These composite images from several observations by NASA's Hubble Space Telescope reveal a pair of newly discovered rings encircling the planet Uranus. The left composite image is made from Hubble data taken in 2003. The new dusty rings are extremely faint and required long exposures to capture their image. The background speckle pattern is noise in the image.
Credit: NASA, ESA, and M. Showalter (SETI Institute)
Astronomers have discovered new rings and small moons around Uranus and found surprising changes in satellite orbits around the giant planet.
NASA's Hubble Space Telescope photographed a pair of previously unknown rings. The largest is twice the diameter of the planet's previously known rings. The new rings are so far from the planet that they are being called Uranus's "second ring system."
Hubble also spotted two small satellites. One shares its orbit with one of the newly discovered rings. Most surprisingly, the orbits of Uranus's family of inner moons have changed significantly in the last decade, the new data reveal.
Collectively, the discoveries mean Uranus has a densely packed, rapidly changing, and possibly unstable dynamical system of orbiting bodies.
"The new discoveries dramatically demonstrate that Uranus has a youthful and dynamic system of rings and moons," says Mark Showalter of the SETI Institute. "Until now nobody had a clue the rings were there, we had no right to expect them."
Since dust in such an orbit is expected to be depleted by spiraling away, the rings must be continually replenished with fresh material. Showalter and collaborator Jack Lissauer of the NASA Ames Research Center propose that the outermost ring is replenished by a 12-mile-wide companion satellite, named Mab, which they first saw in 2003 using Hubble. Meteoroid impacts continually blast dust off the surface of Mab, and the dust then spreads out into a ring around Uranus.
Other small moons are linked to rings, including Amalthea at Jupiter, Pan at Saturn, and Galatea at Neptune.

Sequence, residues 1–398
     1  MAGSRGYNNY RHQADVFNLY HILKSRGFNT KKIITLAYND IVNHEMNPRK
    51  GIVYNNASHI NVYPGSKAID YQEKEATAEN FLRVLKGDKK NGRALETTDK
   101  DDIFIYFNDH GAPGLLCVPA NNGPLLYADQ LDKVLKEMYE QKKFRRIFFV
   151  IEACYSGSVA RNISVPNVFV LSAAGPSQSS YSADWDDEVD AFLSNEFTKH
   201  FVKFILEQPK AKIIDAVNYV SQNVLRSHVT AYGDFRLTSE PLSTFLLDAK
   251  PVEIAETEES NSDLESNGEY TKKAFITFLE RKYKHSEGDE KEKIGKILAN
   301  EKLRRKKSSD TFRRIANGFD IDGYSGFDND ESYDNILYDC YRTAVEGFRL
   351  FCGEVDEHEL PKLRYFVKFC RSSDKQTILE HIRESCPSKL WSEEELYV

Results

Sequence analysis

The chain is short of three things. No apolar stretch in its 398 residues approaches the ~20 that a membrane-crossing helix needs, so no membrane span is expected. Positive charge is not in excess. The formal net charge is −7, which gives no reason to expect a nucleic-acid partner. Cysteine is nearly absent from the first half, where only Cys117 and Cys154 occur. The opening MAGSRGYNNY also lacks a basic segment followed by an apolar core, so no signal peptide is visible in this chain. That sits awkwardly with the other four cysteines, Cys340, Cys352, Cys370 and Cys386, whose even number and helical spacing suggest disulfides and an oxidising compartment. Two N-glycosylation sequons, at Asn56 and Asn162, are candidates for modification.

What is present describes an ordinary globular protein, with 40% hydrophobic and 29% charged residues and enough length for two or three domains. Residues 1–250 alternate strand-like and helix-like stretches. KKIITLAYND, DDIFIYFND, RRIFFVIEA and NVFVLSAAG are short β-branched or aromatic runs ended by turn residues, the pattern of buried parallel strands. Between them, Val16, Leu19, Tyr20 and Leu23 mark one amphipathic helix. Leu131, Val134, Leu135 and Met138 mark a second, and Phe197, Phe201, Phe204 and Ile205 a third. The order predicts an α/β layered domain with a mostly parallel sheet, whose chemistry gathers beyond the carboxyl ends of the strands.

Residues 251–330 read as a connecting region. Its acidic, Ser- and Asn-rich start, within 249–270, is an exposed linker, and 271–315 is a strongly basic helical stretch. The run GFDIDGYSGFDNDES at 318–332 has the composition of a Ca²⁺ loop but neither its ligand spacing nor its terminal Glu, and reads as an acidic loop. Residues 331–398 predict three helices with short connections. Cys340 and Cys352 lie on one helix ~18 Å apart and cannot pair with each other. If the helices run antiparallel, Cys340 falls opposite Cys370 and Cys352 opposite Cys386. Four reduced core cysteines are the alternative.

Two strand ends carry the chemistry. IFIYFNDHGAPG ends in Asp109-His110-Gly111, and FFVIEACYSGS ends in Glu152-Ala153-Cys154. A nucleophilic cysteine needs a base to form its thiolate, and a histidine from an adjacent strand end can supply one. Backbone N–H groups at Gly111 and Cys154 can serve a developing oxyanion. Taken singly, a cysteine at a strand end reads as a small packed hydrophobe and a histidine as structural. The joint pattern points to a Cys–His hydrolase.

Mab's ring receives a fresh infusion of dust from each impact. In this way, nature "balances the books" by keeping the ring supplied with new dust while older dust spirals away or bangs back into the moon, the thinking goes.
Showalter and Lissauer have measured numerous changes to the orbits of Uranus's inner moons since 1994.
"This appears to be a random or chaotic process, where there is a continual exchange of energy and angular momentum between the moons," Lissauer said. "The changes in the last ten years are small, but the thing about chaos is that small changes build up exponentially with time. As a result, this suggests that the entire system is orbitally unstable."
The moons may begin to collide in a few million years, Lissauer figures.
Perhaps the most unstable moon of all is tiny Cupid, whose orbit brings it within 500 miles of the moon Belinda.
Showalter and Lissauer propose that their discovery of a second ring, which orbits closer to the planet than the new outermost ring, provides further evidence for collisional evolution of the system. This ring orbits in the midst of the moons but has no visible body to re-supply it with dust.
"This ring may be the telltale sign of an unseen belt of bodies a few feet to a few miles in size," Showalter said. He proposes that the collisional disruption of a moon in Uranus's past could have produced the debris ring they now observe.
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